If you’re visiting Rome, chances are the Colosseum is towards the top of your “must-see” list – and for good reason. Experiencing it is like traveling back in time. Standing inside this ancient gladiator stadium, your imagination can’t help but paint a vivid picture of what it could have looked and sounded like thousands of years ago. In your head you see 50,000 roaring Romans mercilessly cheering on men and wild animals as they walk into the arena. With their eyes fixated on the arena floor, they all anxiously await one thing, and one thing only: battle.But there’s more to the Colosseum than meets the eye. Inside the stadium is a large underground system, known as the hypogeum. Back in the day, the hypogeum included 28 elevator systems that would lift animals into the main arena where they would often fight against men. These fights were typically show openers, and would be followed by the famous gladiator matches.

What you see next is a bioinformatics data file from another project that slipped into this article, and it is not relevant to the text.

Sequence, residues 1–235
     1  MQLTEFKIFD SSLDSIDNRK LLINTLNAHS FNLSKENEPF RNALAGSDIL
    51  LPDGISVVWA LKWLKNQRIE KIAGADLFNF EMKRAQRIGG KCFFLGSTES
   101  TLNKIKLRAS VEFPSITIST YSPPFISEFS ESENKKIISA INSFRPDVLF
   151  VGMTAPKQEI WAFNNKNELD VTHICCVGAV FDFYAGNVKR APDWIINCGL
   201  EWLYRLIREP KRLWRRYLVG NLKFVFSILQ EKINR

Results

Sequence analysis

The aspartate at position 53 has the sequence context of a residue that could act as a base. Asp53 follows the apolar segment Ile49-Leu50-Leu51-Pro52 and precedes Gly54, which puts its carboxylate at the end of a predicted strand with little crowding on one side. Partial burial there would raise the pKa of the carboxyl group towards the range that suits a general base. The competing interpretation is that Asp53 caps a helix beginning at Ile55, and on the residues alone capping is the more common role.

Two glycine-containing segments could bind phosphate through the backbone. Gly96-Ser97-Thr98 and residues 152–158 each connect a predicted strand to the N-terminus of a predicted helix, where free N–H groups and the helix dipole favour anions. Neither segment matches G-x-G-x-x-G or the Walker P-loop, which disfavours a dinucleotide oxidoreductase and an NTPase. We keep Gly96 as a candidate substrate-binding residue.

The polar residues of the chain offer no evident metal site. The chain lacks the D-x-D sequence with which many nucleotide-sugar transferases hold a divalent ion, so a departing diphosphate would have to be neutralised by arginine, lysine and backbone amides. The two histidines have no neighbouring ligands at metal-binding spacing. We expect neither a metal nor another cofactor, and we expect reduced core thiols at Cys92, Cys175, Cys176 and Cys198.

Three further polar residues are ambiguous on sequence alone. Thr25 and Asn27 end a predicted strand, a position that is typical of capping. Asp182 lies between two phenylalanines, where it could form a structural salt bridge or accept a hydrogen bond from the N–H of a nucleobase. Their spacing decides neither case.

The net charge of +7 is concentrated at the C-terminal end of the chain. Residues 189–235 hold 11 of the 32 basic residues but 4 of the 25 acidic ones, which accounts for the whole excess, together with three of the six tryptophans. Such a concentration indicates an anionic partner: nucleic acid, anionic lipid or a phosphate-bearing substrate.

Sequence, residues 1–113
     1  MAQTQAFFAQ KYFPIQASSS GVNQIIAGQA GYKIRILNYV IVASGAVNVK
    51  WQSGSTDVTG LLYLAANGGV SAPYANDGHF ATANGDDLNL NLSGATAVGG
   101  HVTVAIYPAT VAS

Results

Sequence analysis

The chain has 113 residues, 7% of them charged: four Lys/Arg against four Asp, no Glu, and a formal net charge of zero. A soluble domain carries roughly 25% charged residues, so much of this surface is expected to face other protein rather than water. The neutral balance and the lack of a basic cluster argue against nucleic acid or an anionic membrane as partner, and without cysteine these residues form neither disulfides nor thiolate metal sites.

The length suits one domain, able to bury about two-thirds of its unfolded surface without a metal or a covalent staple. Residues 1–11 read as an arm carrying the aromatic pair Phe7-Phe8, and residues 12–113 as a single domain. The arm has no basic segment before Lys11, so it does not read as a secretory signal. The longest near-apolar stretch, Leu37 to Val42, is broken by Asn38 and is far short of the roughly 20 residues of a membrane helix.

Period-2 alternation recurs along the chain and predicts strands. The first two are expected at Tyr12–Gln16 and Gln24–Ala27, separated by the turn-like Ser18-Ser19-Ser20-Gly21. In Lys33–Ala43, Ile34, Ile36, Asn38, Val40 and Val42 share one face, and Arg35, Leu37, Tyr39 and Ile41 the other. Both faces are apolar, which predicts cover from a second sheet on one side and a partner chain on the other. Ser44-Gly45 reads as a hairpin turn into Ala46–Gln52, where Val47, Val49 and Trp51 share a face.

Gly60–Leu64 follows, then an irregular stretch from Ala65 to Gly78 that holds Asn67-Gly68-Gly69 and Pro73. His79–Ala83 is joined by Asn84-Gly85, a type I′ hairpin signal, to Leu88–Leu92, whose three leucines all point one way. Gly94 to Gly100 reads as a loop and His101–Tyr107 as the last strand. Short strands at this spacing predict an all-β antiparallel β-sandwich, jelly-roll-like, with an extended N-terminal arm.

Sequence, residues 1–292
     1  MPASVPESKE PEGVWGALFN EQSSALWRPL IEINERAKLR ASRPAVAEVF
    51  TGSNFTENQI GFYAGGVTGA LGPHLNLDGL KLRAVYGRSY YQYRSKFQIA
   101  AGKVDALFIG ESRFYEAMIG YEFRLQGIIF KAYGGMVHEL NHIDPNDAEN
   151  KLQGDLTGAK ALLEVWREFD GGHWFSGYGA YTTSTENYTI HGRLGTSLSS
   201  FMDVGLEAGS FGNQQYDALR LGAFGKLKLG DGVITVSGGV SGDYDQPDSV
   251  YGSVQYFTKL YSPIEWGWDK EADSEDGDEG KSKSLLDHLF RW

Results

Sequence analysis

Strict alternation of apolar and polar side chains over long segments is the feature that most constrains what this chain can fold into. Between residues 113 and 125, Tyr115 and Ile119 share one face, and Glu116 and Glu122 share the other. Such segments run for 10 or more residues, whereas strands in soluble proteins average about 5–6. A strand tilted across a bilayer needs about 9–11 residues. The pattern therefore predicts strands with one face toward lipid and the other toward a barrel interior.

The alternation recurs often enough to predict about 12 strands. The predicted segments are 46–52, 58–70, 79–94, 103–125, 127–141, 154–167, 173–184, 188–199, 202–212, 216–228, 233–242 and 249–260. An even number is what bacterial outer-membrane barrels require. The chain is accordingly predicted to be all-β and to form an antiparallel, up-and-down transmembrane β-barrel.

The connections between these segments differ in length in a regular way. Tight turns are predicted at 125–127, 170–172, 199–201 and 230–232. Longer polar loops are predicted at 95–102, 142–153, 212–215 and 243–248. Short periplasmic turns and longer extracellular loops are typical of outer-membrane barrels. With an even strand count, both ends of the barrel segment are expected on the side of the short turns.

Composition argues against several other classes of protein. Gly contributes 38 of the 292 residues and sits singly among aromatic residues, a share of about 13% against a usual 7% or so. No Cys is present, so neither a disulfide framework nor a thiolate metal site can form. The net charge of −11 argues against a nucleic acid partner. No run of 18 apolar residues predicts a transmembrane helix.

These elevators were responsible for carrying over 100,000 animals – lions, bears, tigers and even elephants – into the Colosseum. Obviously when the stadium opened in 80 A.D., power was non-existent, so the elevators were powered by 200 people, who would manually raise the animals up on to the stadium’s main floor.
The producers of a new documentary “Colosseum: Roman Death Trap” undertook the task of recreating one elevator system, using the exact tools and materials the ancient Romans would have used. After the project was completed, the only thing left to do was to release an animal into the stadium. After a 1,500 year gap, a wolf was lifted and released onto the Colosseum’s floor. Only this time instead of facing battle, he was met with a treat and his trusted trainer.